Activity fell in June for the fourth consecutive month and contracted 1.9% in the first semester compared to the same period of the previous year. The impact of the drought was reflected in the evolution of the EMAE in recent months, while going forward the effects of the devaluation and higher estimated inflation will affect the economy.
When analyzing the evolution of activity in recent months, from the ACM consultant pointed out: “What is evident in economic activity is explained by the drag of the agricultural sector, which presents a strong seasonality in what is the second quarter of the year. Without going any further, agricultural activity has discounted 4 points of the product in the second quarter. Additionally, other key sectors of activity such as manufacturing industry contracted in Junea trend that will probably continue for the remainder of the year.”
In this context, from the firm they projected: “We hope that this dynamic continues in such a way that it implies a contraction in activity of close to 3% per year, thus maintaining our estimates regarding economic activity.”
Along the same lines, from the consultancy orlando ferreres pointed to Ambit who project a 3% drop in the level of activity for this year.
Meanwhile, since GCL they analyzed: “The devaluation implemented post-PASO will be correlated with a higher nominal value, which will erode purchasing power even faster, impacting consumption. Likewise, said correction added to the current restrictions on imports will depress the demand for external inputs and, therefore, industrial and commercial activity. On this juncture an uncertain political scenario is mounted that paralyzes investment projects, thus also affecting the level of employment and job creation.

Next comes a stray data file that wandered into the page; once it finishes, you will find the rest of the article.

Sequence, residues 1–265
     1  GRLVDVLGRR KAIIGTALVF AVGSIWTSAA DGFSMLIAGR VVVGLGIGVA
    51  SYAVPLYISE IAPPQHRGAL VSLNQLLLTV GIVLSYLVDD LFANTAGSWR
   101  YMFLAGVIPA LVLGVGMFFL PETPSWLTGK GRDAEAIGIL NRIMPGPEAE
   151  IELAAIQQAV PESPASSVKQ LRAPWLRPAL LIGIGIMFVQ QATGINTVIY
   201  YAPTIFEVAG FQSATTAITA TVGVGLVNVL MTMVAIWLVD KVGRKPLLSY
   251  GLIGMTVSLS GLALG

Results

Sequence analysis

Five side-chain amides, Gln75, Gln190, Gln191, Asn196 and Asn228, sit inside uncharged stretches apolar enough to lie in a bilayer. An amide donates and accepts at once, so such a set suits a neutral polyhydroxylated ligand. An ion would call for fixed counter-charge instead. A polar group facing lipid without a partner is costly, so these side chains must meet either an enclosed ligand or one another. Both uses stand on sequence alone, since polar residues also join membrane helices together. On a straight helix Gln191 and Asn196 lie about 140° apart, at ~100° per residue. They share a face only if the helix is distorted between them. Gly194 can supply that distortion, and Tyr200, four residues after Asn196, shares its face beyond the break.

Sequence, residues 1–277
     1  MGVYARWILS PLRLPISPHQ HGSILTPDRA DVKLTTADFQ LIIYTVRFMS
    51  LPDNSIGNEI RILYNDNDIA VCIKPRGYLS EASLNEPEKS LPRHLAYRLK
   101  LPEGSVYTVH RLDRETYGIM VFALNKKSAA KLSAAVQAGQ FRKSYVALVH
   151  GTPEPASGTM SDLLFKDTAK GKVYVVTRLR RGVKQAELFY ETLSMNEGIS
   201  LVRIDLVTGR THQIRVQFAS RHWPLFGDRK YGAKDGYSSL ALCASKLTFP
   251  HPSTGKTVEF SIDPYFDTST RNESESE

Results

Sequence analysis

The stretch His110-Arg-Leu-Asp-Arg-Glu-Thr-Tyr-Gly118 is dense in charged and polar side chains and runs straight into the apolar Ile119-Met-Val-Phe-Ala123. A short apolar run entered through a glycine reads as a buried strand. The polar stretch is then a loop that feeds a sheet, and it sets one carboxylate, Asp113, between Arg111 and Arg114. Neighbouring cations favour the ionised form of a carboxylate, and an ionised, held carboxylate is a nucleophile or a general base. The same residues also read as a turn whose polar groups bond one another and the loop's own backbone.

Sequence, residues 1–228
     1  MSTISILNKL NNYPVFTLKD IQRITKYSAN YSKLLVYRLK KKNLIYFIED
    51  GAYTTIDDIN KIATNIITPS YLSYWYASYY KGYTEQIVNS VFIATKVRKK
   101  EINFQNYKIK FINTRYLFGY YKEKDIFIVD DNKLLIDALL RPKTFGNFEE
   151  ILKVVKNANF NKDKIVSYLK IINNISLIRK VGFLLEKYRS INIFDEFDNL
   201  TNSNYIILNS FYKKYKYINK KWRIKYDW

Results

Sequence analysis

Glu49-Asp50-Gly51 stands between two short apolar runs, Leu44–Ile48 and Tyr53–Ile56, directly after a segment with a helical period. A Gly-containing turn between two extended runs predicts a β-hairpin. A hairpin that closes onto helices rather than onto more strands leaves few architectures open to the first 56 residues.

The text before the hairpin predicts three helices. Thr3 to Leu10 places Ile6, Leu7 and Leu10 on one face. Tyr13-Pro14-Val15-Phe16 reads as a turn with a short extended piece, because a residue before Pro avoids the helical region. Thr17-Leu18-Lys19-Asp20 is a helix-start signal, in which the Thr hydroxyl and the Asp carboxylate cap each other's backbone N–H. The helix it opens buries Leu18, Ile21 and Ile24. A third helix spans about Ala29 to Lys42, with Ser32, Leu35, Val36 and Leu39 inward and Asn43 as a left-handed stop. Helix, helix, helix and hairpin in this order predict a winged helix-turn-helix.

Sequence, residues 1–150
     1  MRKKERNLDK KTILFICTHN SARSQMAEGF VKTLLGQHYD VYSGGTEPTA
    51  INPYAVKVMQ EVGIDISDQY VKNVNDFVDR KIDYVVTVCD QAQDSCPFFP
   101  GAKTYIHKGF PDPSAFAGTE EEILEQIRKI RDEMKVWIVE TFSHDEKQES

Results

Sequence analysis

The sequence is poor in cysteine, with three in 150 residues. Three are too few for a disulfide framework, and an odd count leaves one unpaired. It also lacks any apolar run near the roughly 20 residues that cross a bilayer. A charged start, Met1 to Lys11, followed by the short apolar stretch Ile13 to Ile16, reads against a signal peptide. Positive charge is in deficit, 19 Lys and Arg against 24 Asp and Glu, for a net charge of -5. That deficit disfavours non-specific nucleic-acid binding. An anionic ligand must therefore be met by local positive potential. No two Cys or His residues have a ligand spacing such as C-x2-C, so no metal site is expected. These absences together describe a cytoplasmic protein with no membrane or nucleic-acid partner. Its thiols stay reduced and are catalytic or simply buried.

“In summary, we expect economic activity to accelerate the deterioration in the second half of the yearaveraging a 3.4% annual drop to December”, they highlighted.
On the impact that the devaluation could have on the activity, from balance analyzed: “After the post-Paso 2019 devaluation, the level of activity fell by almost 4% in seasonally adjusted terms between July and the end of that year. If something similar happens, GDP will fall by an average of 3.0% in 2023 (pre-PASO we expected an annual contraction of 2.5%)”.
“The second quarter of the year closed with an annual drop of 4.4%. We expect this trend to deepen in the third and fourth quarters of the year, with drops in GDP that would reach up to 5% per year. We would be talking about the worst contraction since 2009 (excluding 2020) ”, he explained to Ámbito Eugenio Mari, Chief Economist of the Freedom and Progress Foundation.
“The growth engines are off; the production hit by the scarcity of inputs, the problems of competitiveness and the lack of financing. Consumption has suffered from the drop in purchasing power; investment is stagnant due to the exchange rate and high uncertainty; while on the external front the drought has generated a negative shock for activity”, added the economist.
And he concluded: “For its part, GDP per capita would fall in the 6-7% range, reflecting the general impoverishment and the crisis that the economy is going through. The positive is that if the next government advances rapidly in reforms that free up the productive forces of Argentina, then the country could enter a strong recovery phase in the second half of 2024”.